Post #5: Parallel Thinking – The Six Hats

Parallel Thinking- the Six  Hats

Socrates, Plato and Aristotle designed the art of argument. De Bono states, “Each side makes a ‘case’ and then seeks to defend that case and prove the other ‘case’ to be wrong” (p. 89). The motivation to be right is high but the actual content not so much. De Bono states, “We use argument not because we think it is such a wonderful method-but because we do not know any other method” (p. 89).

De Bono devised a different way of thinking, called the “Six Hats.” He uses different colours to describe the different ways of thinking about a situation. It is important that every member uses the same hat in the same conversation- parallel thinking. Therefore, you need to be able to identify the different hats.

White hat: White means information. Hard facts are facts that we can check. Soft information covers information such as rumours or personal facts. During a white hat conversations, all information is laid out on the table.

What do we know?

What do we need to know?

What is missing?

What questions should we ask?

How might we get the information we need?

Red hat: Red information includes emotions, feelings and intuition. You do not have to give any reasons to back up why you feel this way. Intuition is helpful when there is no other way to check the information.

I do not like this idea at all.

My feeling is that this simply will not work.

My intuition is that raising the price will destroy the market.

My gut feeling is that this is highly dangerous.

I feel it is a waste of time.

My intuition is that she is a bright person for the job.

Black hat: This hat includes critical thinking and judging information. It helps us to act properly and safely.

Does this fit our values?

Does this fit our resources?

Does this fit our strategy and objectives?

Does this fit our abilities?

The black hat thinking can:

Indicate a fault in logic

Point out incorrect information

Point out faults and weaknesses

Point out why something does not fit

Point out the “downside”

Point out potential problems.

Yellow hat: This hat looks for values, benefits and why something should work. The yellow hat leads to insights and everyone makes an effort to find value.

Green hat: This hat is productive because it “asks for ideas, alternatives, possibilities and designs” (de Bono, p. 99). This hat helps with creativity.

Blue hat: This hat helps organize other hats. First, it defines the focus and purpose of a conversation. Second, it sets up a sequence of hats for the conversation.

For the benefits of using hats read page 104 and for an excellent summary read pages 105-106.


Record a short section of conversation between you and your mentor. Transcribe the conversation. Identify the different hats in the conversation.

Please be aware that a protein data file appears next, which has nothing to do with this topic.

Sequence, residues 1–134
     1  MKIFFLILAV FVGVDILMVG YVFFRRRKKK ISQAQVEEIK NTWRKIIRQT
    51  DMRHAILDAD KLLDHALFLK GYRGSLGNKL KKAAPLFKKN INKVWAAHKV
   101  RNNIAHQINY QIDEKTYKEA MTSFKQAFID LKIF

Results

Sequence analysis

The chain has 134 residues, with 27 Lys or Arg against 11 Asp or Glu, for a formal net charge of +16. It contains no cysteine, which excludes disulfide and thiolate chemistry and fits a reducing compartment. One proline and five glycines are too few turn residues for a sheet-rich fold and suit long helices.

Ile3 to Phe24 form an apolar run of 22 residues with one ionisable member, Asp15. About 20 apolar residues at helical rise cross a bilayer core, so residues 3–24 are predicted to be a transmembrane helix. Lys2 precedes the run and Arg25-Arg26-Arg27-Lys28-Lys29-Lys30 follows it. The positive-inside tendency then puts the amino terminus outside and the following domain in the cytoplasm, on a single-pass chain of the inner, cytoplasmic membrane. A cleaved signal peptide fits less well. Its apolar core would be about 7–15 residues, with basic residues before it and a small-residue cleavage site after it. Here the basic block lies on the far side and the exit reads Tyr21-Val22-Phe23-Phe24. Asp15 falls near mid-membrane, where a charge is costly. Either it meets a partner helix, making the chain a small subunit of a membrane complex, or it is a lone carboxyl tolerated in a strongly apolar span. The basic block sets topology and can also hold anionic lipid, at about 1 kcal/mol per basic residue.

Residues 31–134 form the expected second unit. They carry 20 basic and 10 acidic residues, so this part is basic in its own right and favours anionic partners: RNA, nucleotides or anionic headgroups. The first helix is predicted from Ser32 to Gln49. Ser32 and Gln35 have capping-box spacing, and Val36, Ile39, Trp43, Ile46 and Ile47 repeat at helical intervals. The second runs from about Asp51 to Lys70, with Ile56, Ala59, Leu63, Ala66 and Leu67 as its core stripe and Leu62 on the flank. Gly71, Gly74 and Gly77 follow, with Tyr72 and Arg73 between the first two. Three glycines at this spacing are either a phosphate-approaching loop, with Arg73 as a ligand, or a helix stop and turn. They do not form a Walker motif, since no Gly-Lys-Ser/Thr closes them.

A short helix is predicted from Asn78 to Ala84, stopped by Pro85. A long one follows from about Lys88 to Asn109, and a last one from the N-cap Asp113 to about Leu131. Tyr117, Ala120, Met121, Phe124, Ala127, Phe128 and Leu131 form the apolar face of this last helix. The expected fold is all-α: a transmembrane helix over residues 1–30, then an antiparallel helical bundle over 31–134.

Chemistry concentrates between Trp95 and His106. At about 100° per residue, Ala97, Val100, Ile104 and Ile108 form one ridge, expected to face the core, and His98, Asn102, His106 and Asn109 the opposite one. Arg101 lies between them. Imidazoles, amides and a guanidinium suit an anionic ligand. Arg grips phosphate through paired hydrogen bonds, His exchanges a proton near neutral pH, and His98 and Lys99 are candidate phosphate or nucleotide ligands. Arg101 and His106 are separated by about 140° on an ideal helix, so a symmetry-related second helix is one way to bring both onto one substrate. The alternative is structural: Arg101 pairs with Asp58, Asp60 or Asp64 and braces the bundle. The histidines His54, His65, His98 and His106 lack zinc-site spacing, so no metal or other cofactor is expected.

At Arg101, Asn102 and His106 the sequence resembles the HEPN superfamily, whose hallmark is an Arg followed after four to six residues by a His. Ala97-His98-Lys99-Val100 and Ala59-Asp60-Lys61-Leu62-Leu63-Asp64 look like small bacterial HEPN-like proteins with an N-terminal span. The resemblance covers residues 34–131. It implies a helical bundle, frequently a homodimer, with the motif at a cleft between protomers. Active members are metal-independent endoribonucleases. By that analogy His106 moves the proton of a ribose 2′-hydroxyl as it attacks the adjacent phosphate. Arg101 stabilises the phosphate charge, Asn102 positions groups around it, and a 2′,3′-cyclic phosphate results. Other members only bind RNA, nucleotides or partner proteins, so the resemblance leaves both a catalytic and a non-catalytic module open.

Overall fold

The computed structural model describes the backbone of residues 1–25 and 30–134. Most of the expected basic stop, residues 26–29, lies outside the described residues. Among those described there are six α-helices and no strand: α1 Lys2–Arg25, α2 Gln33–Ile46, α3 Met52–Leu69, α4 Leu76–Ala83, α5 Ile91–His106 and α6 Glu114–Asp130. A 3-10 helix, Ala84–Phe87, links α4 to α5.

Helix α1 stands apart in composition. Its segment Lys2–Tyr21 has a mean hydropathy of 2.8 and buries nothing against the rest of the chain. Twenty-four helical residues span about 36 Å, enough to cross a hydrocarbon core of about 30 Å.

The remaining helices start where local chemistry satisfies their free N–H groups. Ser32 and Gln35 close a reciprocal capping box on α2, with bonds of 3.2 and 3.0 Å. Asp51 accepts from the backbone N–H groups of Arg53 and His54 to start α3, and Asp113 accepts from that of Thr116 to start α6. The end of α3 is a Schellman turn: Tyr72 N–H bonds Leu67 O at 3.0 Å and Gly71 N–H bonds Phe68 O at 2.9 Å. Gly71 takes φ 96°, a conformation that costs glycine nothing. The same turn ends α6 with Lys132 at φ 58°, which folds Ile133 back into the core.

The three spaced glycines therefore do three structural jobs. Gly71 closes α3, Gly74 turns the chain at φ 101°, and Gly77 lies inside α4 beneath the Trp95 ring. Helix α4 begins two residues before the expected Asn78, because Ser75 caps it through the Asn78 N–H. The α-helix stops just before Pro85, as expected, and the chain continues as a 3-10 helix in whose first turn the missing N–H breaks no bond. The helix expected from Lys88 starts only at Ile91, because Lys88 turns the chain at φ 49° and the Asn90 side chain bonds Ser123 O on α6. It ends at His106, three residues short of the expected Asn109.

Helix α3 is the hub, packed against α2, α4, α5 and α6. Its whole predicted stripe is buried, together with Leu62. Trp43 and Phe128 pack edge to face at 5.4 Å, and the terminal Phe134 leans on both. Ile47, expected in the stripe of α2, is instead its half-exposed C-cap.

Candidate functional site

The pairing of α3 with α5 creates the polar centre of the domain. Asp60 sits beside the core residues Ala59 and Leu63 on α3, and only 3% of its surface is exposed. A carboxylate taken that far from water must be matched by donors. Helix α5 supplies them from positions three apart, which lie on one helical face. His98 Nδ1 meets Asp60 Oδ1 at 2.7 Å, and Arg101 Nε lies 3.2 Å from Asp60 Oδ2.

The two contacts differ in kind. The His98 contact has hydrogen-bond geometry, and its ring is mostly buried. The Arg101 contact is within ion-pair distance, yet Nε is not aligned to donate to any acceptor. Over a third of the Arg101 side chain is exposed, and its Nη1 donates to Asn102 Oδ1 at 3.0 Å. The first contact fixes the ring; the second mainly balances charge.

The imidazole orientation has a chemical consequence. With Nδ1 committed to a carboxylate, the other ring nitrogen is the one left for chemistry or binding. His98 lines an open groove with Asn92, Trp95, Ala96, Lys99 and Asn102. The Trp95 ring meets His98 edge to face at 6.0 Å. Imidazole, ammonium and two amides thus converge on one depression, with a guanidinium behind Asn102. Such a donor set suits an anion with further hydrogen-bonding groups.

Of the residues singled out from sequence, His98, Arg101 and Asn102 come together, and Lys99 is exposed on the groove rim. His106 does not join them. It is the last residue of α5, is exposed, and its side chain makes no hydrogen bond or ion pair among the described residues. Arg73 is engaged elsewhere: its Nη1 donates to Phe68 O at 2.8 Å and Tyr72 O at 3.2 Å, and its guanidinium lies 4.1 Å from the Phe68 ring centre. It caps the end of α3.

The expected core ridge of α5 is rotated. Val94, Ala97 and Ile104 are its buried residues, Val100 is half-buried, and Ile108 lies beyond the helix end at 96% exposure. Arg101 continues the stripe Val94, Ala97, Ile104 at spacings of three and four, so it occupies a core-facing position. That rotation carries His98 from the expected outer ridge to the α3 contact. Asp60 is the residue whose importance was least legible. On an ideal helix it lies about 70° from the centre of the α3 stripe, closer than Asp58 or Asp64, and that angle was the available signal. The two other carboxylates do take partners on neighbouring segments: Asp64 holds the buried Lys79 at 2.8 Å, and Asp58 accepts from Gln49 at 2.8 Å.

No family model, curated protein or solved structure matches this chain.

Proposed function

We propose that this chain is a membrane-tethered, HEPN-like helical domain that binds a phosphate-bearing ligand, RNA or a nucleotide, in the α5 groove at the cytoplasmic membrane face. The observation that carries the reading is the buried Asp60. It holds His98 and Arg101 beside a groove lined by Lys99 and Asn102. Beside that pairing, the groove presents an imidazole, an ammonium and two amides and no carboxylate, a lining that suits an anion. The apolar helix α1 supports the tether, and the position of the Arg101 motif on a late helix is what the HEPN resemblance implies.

Post #4: Keep it going

In-depth post #4 (week six and seven)

A good listener respects the speaker, pays attention, is genuinely interested, and values what is heard. At the beginning of your in-depth project, you probably spend more time listening than speaking with your mentor. Make sure you are patient and do not interrupt the speaker. De Bono states, “If you listen carefully and attentively you will get more value from listening than talking” (p. 67). Listening gives you new ideas, new information, new facts, new insights and new discoveries. When listening, take notice of the vocabulary being used, repeat or paraphrase part of the conversation, ask questions (more about this later), or ask for more details. According to de Bono, there are two foci: what is the speaker trying to tell you and what are you hearing and is it relevant to what the speaker is trying to say? For example, listen to the argument as well as the content of the argument.

Try to address some of the following possibilities during your next visit with your mentor:

  • #4 What new information are you getting and what questions did you ask to probe further into the topic?
  • #5 Discuss any new points of view you developed while in conversation with your mentor.
  • #6 What were some of the alternative perceptions that are new to you.
  • #9 How do your mentor values differ from yours?
  • #12 What questions did you ask to check on facts and details? Elaborate.

In addition to how to listen, it is also important to ask questions to generate interaction. De Bono states, “A question is simply a way of directing attention” (p. 81).  Are you able to distinguish between shooting and fishing questions? Which type do you tend to use most of the time? Why? Questions allow you, for example, to check on the source and the validity of the information being shared, ask for more details, ask for an explanation, offer alternatives and possibilities, modify the proposition form the speaker, state multiple choice options and clarify values. Asking about the basis of someone’s thinking, someone’s feelings, someone’s decisions, or someone’s proposal will clarify the conversation.

Try the following during the next session with your mentor:

  • #1 Ask questions. Record them. Why did you ask these questions?
  • #8 Ask for an explanation for a certain skill you are learning. Discuss what happened.
  • #11 Ask a multiple choice question. Was this useful? Explain.
  • #12 Ask the speaker to clarify his or her underlying values for doing, thinking and feeling the way they do.

Keep the interest level high.

Quirien Mulder ten Kate